I blinked. Really? Sixty-eight people thought that phrase was highlight-worthy on their own initiative? I growled at my Kindle and startled the dog. “No stinkin’ way!”

Here’s what I think happened. One person highlighted it, someone else saw someone highlighted it and so highlighted it as well, and then a third followed, then a fourth, and then twenty. I actually found myself compelled to drag my finger across the words and click “highlight” in the pop-up box myself, as if some weird internal synoptic hard-wiring connected a vestigial sheeple-lobe in my brain to my right index finger with nary a stop in the actual thought-processing centers in the frontal lobes.

And then I DID highlight it, just to see if the number of highlighters changed from 68 to 69. It has now. Experiment complete. Let’s see if I can un-highlight it. Yup. Just drag finger and hit delete. Voila!

Have I highlighted other books and articles I’ve read in Kindle? Yes, particularly for non-fiction stuff I want to go back and read again or wish to quote. These are my own highlights, though, irrespective of whether or not anyone else got a tingle of “aha!” while reading the passage. Do I hope other people see my highlights and chose to highlight it, too? Should I go back and look and see what kind of influence I’ve made in the world with my fancy-smancy highlighting skills? Shudder. That the thought even occurred to me sets off warning lights and danger sirens.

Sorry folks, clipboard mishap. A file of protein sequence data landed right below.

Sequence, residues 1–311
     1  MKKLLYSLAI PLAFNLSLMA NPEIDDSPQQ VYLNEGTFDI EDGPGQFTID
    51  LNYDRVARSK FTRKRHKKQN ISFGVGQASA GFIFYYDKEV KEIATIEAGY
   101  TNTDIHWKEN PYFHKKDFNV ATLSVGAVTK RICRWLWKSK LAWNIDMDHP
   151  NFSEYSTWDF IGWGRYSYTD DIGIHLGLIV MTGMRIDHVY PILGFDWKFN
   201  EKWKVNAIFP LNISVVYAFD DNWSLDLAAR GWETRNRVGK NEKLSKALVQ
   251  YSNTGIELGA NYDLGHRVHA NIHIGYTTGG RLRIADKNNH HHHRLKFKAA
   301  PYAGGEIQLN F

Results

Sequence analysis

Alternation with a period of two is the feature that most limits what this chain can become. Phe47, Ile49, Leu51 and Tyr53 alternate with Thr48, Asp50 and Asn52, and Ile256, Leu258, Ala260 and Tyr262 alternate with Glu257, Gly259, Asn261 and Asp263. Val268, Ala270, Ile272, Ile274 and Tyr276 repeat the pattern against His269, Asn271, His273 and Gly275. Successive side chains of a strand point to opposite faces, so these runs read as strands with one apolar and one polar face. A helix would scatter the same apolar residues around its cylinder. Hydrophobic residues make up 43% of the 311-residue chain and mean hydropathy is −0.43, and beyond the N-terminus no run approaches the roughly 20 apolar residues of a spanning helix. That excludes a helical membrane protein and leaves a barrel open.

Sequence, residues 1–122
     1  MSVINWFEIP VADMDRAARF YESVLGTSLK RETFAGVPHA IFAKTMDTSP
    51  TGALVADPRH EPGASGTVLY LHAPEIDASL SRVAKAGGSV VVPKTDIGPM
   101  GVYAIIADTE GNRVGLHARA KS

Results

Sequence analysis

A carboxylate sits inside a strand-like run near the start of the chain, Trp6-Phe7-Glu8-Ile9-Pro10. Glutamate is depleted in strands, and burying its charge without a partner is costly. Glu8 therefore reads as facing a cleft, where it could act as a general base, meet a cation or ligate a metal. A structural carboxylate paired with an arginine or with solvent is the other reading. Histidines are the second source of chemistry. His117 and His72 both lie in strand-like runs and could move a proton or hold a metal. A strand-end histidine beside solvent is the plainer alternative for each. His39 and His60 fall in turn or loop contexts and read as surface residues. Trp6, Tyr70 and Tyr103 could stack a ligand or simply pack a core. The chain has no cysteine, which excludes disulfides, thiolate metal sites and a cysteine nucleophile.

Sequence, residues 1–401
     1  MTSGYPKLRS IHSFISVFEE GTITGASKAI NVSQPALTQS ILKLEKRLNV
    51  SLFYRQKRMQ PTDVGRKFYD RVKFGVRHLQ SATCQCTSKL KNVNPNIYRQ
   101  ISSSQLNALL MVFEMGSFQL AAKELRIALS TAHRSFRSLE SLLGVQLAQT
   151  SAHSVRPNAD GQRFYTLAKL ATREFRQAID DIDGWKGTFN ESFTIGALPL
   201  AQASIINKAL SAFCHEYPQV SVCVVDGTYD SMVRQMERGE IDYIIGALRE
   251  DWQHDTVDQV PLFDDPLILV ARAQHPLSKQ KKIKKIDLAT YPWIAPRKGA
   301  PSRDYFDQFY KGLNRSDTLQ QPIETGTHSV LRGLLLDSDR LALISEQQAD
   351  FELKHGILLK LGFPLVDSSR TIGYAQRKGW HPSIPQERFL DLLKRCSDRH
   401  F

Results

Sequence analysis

This is all beginning to feel a little bit too much like Facebook and how some people actually analyze how many “likes” their friends get on posted photos and shares–as if that is some indication of that person’s popularity or likeableness or something. Not to mention Klout–social media that calculates your influence on the social-media culture. I signed up for that for about a week, just to see what it was all about. Then I got outa’ there. What, exactly, was the point?

(This post is turning out to be anything but “quick.” Sorry about that! I didn’t realize I had this much to say on the topic, which is kinda part of the fun of writing, isn’t it? It’s a new discovery each and every time.)

But back to the egregious example of copy-cat highlighting. After resisting for as long as I could, I gave in and bought Fifty Shades of Grey on Kindle. I really didn’t think it would be any good, and it wasn’t great. However, I readily admit that I was curious about why this erotic novel sold so spectacularly well, spawned a slew of copy-cat novels, re-invented a genre which now fills entire shelf-displays in bookstores, and has even been picked up for a movie adaptation. Pretty good stuff for the author, I have to admit. She must have done something right. I wanted to see if I could find out how she did it.